Fifteen houses are all that remain of Fort Trumbull, a once vibrant immigrant neighborhood flattened into expanses of rutted grass and gravel.
The homes stand in defiance of New London's plan to pave the way for a riverfront hotel and convention center, offices and upscale condominiums.
Refusing the city's efforts to get them to leave, seven families are going before the U.S. Supreme Court (search) on Tuesday, arguing that the city has no right to take their private property solely for economic development. The rebellious homeowners include an elderly Italian immigrant, a mechanic and a former deli owner.
"It's a case of the rich eating the poor," said Matthew Dery, who lives in one of four houses on a compound his family has owned since 1901. "Sometimes the poor are difficult to digest."
Leading the charge is Susette Kelo, a 47-year-old nurse who bought her home in 1997.
"They have over 90 acres now," Kelo said. "It's more than enough room to build on. We never said they can't build. We just said 'We want to stay.'"
But Kelo's apricot-colored house, with a decorative outhouse in the front yard and wind chimes made of silverware, doesn't fit in the city's development plans.
"They just would not be compatible with all the other uses," said Edward O'Connell, an attorney representing the New London Development Corp., (search) the quasi-public agency behind the redevelopment effort.
Whether building highways or public offices, laying railroad tracks or eliminating blight, governments have long relied on eminent domain laws to allow them to take private property.
The Fifth Amendment allows governments to take private property for "public use."
New York used eminent domain (search) to improve Times Square, expand the New York Stock Exchange and build the World Trade Center. Baltimore replaced a downtrodden waterfront with a bustling harbor development.
But Fort Trumbull is not besieged by blight, poverty or crime and New London is not building a highway or government building, and the residents' appeal asks if "public use" allows governments to seize unblighted taxpayer property solely to encourage private development.
The Supreme Court has given governments broad power to take private property through eminent domain, provided the owner is given "just compensation." But in recent years many cities and towns have been accused of abusing their authority.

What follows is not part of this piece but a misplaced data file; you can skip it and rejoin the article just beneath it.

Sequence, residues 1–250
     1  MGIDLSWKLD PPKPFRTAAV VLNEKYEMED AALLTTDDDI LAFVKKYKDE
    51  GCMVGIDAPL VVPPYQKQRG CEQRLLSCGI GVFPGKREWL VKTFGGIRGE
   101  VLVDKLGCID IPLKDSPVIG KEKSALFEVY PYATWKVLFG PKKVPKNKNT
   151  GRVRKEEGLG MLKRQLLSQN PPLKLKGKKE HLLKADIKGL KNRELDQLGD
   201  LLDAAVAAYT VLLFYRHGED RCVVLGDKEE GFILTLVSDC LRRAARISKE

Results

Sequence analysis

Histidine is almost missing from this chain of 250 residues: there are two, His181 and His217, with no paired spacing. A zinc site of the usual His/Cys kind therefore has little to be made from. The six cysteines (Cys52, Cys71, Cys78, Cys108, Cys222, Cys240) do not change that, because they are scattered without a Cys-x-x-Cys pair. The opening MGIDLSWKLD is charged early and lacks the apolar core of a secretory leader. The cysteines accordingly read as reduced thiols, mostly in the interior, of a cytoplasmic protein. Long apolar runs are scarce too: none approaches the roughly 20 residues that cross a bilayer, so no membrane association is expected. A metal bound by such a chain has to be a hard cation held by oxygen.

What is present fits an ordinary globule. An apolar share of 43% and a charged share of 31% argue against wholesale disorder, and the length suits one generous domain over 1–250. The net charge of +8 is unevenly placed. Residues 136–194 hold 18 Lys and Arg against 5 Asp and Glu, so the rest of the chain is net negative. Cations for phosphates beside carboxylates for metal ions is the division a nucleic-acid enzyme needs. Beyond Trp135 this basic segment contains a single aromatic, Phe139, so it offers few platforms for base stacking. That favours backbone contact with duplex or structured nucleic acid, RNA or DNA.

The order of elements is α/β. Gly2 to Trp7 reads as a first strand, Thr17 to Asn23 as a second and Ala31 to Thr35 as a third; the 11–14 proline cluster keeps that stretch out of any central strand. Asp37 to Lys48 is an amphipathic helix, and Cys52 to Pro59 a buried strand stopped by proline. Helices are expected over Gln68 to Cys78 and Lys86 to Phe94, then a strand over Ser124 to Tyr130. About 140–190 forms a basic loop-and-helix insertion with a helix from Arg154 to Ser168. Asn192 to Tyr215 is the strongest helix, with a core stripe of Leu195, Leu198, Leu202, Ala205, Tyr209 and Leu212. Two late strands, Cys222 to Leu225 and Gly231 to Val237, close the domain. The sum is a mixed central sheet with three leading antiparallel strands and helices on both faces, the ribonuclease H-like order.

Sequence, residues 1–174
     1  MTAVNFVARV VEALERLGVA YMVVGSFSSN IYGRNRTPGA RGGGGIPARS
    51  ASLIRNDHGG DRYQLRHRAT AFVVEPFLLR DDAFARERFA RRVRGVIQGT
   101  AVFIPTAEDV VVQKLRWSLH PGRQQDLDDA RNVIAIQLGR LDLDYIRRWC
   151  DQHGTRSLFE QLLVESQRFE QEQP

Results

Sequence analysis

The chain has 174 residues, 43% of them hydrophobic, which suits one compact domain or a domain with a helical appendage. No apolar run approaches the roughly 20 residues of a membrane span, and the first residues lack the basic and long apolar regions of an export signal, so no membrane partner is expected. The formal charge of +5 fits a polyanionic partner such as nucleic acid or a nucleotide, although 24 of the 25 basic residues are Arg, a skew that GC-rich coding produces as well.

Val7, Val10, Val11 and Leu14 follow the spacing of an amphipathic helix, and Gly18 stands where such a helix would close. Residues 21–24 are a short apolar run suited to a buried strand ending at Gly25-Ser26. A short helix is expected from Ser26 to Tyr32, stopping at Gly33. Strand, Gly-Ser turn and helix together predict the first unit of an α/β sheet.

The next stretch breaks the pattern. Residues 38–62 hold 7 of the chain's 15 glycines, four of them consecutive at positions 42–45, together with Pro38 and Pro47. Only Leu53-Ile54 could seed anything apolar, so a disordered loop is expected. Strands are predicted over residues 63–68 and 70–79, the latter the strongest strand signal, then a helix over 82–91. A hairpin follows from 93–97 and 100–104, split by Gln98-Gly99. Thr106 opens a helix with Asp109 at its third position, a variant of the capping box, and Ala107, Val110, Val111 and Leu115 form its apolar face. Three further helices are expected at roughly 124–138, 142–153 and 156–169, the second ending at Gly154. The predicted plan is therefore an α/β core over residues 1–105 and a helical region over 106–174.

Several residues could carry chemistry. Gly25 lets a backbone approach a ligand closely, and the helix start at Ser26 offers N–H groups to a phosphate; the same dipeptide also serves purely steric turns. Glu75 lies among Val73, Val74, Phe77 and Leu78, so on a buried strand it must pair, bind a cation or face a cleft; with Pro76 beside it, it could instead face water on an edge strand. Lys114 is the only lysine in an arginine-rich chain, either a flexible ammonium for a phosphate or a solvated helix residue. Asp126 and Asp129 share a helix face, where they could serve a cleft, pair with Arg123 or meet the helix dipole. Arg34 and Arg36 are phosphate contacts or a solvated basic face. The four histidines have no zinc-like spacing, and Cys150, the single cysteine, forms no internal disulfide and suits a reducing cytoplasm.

New London officials say the taxes generated by redeveloping Fort Trumbull ultimately will benefit the public, and the state Supreme Court ruled that was enough to justify the condemnation.
City officials have worked to remake the area since 1996, when the Naval Undersea Warfare Center left town with its 1,400 jobs. When pharmaceutical giant Pfizer opened a $350 million research center nearby that year, city officials saw an opportunity to create high-end housing, retail shops, a business park and a hotel.
All that was standing in the way were 115 homes.
Most owners accepted the city's buyout offers. Those who remain fall into two categories — people who simply won't leave and people who feel they're being cheated out of the fair value of their homes.
"The sentimental holdouts are the more difficult to deal with," O'Connell said. "No matter what you offer, they won't consider that sufficient or appropriate. They're just not motivated by the logic of the marketplace."
Kelo says it's not about the money for her. She was raised nearby, and when her children moved out she wanted a house by the water. Her small but cozy house has a front porch with a a great view of the Thames River.
Dery is upset that the city wants to take his property before putting a developer under contract and deciding exactly what will replace his neighborhood.
"What they're saying," Dery said, "is that anything that we put there will be better than you."